1. Tesla Adds Bitcoin to Its Balance Sheet

This week, bitcoin soared to an all-time high after Tesla announced that it would invest 8% of its cash – $1.5 billion – into the cryptocurrency. Tesla also announced that it would start accepting bitcoin as payment for its products and services.

Microstrategy, Square, and now Tesla are showing public companies the way to add bitcoin as a legitimate alternative to cash on their balance sheets. As noted in ARK’s Big Ideas 2021, we believe bitcoin will serve as an alternative to fiat cash. As a thriving company with no prior affiliation to bitcoin, Tesla could catalyze a new wave of corporations considering the diversification of cash into bitcoin.

According to ARK’s research, if all companies in the S&P 500 were to diversify 1% of their cash balances into bitcoin, its price would double from nearly $40,000 today to almost $80,000, while a 10% allocation would add $400,000.


2. Game Engines Are Democratizing the Creation of Video Games

In virtual worlds, game engines govern what can and cannot happen in video games. Building the foundational software for virtual worlds is tedious, strenuous, time-consuming, and expensive, explaining why our research has found only a few companies like Unity Software and Epic Games have developed engines-as-a-service. Company X, for example, wants to build a first-person shooter game but does not want to spend the time and money necessary to write code on the trajectory of bullets. Instead, it signs up for Epic’s Unreal Engine, visits the marketplace, and downloads code – Multiplayer Projectile Physics Plugin.

Video game development is likely to become as easy as video editing and photoshopping. As game engines lower the friction involved in creating games, we believe more developers will enter the market and, in a virtuous cycle, they will strip even more friction from game creation. Look no further than Epic Game’s latest developer tool, MetaHumans, which allows anyone to create digital characters.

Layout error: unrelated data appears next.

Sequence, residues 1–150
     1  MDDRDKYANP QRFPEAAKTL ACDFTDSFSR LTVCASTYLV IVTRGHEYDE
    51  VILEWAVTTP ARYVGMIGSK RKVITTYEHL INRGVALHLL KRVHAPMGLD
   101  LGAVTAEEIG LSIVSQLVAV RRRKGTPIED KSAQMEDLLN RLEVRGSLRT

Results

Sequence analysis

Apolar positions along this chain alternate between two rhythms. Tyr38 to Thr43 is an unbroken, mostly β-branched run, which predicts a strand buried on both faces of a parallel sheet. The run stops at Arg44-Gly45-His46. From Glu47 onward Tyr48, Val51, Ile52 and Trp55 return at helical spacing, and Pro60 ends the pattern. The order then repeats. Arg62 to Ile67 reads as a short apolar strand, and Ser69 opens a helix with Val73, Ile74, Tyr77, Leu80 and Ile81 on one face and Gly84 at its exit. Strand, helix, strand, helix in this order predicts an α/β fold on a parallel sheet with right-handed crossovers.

During the last 50 years, video games have evolved from pixelated non-customizable avatars to life-like high fidelity programmable ‘Metahumans.’ Now with game engines, we wonder how video games will evolve during the next 50 years.


3. Cancer Screening Trials Should Incorporate Hereditary Cancer Tests

In Big Ideas 2021, we described how a combination of diagnostic tests could improve cancer care. While most genomic tests are focused on cancer patients today, the combination of tests for hereditary cancer with liquid biopsies for cancer screening could improve the prevention of cancer meaningfully.

Historically, cancer screening has focused on individuals with risk factors that increase the likelihood of cancer. All else equal, for example, a person over the age of 50 with a history of smoking has benefited more from screening than has a younger non-smoker. Among early measures of cancer risk, age, smoking status, and family history have contributed to risk prediction models (RPMs).

Genetic risk is a powerful predictor of cancer. By integrating genetic risk factors with traditional risk factors, sophisticated RPMs could focus cancer screening on higher risk individuals. Several RPMs developed recently incorporate monogenic cancer risk factors including dangerous – though rare – mutations in highly important genes like TP53.

Alternatively, diagnosticians can compute polygenic risk scores (PRSs) by measuring thousands of small, benign mutations scattered across many genes. According to several recent studies, when combined with monogenic risk assessments, PRSs can highlight an individual’s risk of developing certain cancers. Unlike monogenic risks, PRSs can be computed for anyone in a given population.

In our view, cancer screening programs should target high-risk individuals, as defined by RPMs that integrate familial, clinical, and polygenic risk data. Screening high-risk cohorts should lower the risk of overtreatment and increase the positive predictive value (PPV) of testing—two key measures of the effectiveness of cancer screening.

We believe companies seeking to commercialize either single-cancer or multi-cancer screening tests should incorporate hereditary cancer risk data. Today, no company seems to have the infrastructure, expertise, and intellectual property to run a trial involving both screening and polygenic risk assessment. Partnerships could be the answer to this unmet need.

Finally, we would like to highlight the barriers to widespread adoption of polygenic risk scores. Chief among them, the predictive ability of PRS’s is not equal for all ethnicities, highlighting the urgent need for more diverse, population-scale genomics studies.